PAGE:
“They look at the TV, see Sidney Crosby and say, ‘Well, I’m just going to be Sidney Crosby.’ If you really did your homework on Sidney Crosby, he’s one of the hardest-working individuals in the game of hockey,” Stothers said. “It’s not a fluke that he’s got three Stanley Cups, it’s for a reason, he puts the time in. I think that’s something that these kids take for granted, they don’t realize how hard it is to get there and then, once you’re there, it’s really hard to remain there.”
For the veteran coach, it’s that teaching and development aspect of the game that he’s most drawn to. Being a part of a player’s journey to the NHL is what delights Stothers most about his job.
“I can accept what my role is and that’s to develop players and I relish it,” he said. “To me, it’s the most satisfying thing out there. To see somebody get called up the NHL and play their first game and maybe remain up in the NHL, it’s an exciting thing for all of us.”
Take goaltender Cal Petersen for example. Petersen spent all of last season in the AHL with the Reign, being named as an AHL All-Star in the process as a first-year professional. Slated to spend this season with Ontario again, injuries changed Petersen’s timeline to the point of making his first NHL start just over a month into the season, a 2-1 win over the Chicago Blackhawks last week.
“You think of Cal going up and getting his first win in Chicago, close to his hometown,” Stothers said. “Maybe that’s the father in me coming out but I couldn’t be happier for him. I mean, I’m giddy. It’s a special feeling for us here as coaches to help provide those guys with the opportunity.”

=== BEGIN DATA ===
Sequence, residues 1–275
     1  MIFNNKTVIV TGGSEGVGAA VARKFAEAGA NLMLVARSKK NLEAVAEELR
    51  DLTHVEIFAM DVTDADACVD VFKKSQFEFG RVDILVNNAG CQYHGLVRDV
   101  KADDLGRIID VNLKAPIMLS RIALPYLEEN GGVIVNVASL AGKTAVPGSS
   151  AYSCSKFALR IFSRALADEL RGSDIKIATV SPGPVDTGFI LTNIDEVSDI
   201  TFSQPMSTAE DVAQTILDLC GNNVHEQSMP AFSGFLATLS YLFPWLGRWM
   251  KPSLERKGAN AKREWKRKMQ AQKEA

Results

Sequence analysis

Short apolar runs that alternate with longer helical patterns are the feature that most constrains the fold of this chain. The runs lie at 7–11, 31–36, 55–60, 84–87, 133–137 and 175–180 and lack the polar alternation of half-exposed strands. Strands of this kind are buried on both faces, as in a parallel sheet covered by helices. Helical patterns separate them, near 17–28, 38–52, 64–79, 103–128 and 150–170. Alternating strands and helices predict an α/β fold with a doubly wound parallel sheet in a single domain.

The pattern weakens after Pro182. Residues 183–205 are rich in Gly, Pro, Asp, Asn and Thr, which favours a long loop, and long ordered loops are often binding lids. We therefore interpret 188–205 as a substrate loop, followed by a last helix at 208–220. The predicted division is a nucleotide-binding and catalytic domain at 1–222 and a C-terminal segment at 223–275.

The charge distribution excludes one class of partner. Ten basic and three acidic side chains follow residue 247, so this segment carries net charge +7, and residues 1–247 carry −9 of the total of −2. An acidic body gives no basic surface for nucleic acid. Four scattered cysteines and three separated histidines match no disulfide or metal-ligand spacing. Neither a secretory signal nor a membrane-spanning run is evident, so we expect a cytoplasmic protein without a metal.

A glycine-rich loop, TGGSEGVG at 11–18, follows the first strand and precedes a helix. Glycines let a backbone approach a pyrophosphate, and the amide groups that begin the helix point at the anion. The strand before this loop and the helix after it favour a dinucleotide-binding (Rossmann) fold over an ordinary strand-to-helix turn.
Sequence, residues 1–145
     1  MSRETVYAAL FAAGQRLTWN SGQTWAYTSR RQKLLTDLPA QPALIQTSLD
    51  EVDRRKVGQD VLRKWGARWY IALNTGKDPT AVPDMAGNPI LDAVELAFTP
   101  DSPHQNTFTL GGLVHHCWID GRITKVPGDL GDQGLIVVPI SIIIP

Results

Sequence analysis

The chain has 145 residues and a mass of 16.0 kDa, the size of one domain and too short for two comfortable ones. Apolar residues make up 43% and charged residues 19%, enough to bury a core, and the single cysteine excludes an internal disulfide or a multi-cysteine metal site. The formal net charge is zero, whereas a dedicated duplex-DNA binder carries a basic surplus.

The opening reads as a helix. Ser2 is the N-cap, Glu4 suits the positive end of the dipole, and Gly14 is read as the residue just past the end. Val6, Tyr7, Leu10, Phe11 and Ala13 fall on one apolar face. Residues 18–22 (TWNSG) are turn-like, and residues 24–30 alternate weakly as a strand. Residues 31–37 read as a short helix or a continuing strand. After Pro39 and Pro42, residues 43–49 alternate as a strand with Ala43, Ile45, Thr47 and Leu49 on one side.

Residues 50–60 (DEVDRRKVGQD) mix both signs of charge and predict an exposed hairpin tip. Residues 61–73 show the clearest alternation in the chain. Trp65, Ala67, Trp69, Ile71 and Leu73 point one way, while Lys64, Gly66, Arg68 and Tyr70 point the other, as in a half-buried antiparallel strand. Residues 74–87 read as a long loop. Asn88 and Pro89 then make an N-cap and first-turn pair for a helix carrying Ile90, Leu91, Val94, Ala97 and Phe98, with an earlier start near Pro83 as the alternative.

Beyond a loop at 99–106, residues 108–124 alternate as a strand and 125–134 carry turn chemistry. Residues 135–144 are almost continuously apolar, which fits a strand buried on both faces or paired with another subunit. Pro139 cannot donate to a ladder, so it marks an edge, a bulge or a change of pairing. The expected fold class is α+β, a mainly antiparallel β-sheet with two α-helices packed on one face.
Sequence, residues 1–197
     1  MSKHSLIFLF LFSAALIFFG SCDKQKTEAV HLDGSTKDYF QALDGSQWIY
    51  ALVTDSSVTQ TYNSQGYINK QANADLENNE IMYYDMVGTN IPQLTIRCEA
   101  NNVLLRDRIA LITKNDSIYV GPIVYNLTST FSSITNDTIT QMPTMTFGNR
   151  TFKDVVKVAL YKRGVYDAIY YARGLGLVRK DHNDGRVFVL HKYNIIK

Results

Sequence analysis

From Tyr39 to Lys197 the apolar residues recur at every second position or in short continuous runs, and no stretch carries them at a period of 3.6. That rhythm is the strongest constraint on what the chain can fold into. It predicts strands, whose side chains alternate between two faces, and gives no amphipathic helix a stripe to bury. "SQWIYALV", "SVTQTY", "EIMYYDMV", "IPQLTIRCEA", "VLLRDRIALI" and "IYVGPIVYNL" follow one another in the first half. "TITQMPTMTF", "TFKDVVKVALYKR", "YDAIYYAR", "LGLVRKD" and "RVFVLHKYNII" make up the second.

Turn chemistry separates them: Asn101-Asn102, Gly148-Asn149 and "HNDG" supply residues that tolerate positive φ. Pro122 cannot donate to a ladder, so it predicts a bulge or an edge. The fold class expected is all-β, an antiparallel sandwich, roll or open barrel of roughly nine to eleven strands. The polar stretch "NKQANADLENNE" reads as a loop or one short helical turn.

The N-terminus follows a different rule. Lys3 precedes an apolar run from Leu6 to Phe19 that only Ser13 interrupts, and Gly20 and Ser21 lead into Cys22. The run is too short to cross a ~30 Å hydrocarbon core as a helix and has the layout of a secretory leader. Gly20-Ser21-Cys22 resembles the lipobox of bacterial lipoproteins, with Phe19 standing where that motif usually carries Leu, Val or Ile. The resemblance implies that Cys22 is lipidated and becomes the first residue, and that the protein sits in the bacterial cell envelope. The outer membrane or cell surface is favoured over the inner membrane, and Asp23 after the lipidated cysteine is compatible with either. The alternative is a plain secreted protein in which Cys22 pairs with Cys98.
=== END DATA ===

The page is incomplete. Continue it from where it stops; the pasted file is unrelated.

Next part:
Stothers said that it always eats at him when he sees a player move up and not find success but has a “proud papa” feeling when a player is successful at that next level.
“That’s the good part of the American Hockey League. That is your reward,” Stothers said of having those relationships with players. “We don’t go into this looking for accolades or anything like that, we just want to see young players succeed. Sometimes it takes a little bit longer than others, but I guess for me, I feel for them like I do my kids.”
Stothers and his wife, Judy, have two children –- both daughters -– but said that his players are like the sons he never had.
“I have two great daughters, they’re the best,” Stothers said.
And with a chuckle, he added, “and they were way easier to raise than these 24 boys that we have, too!”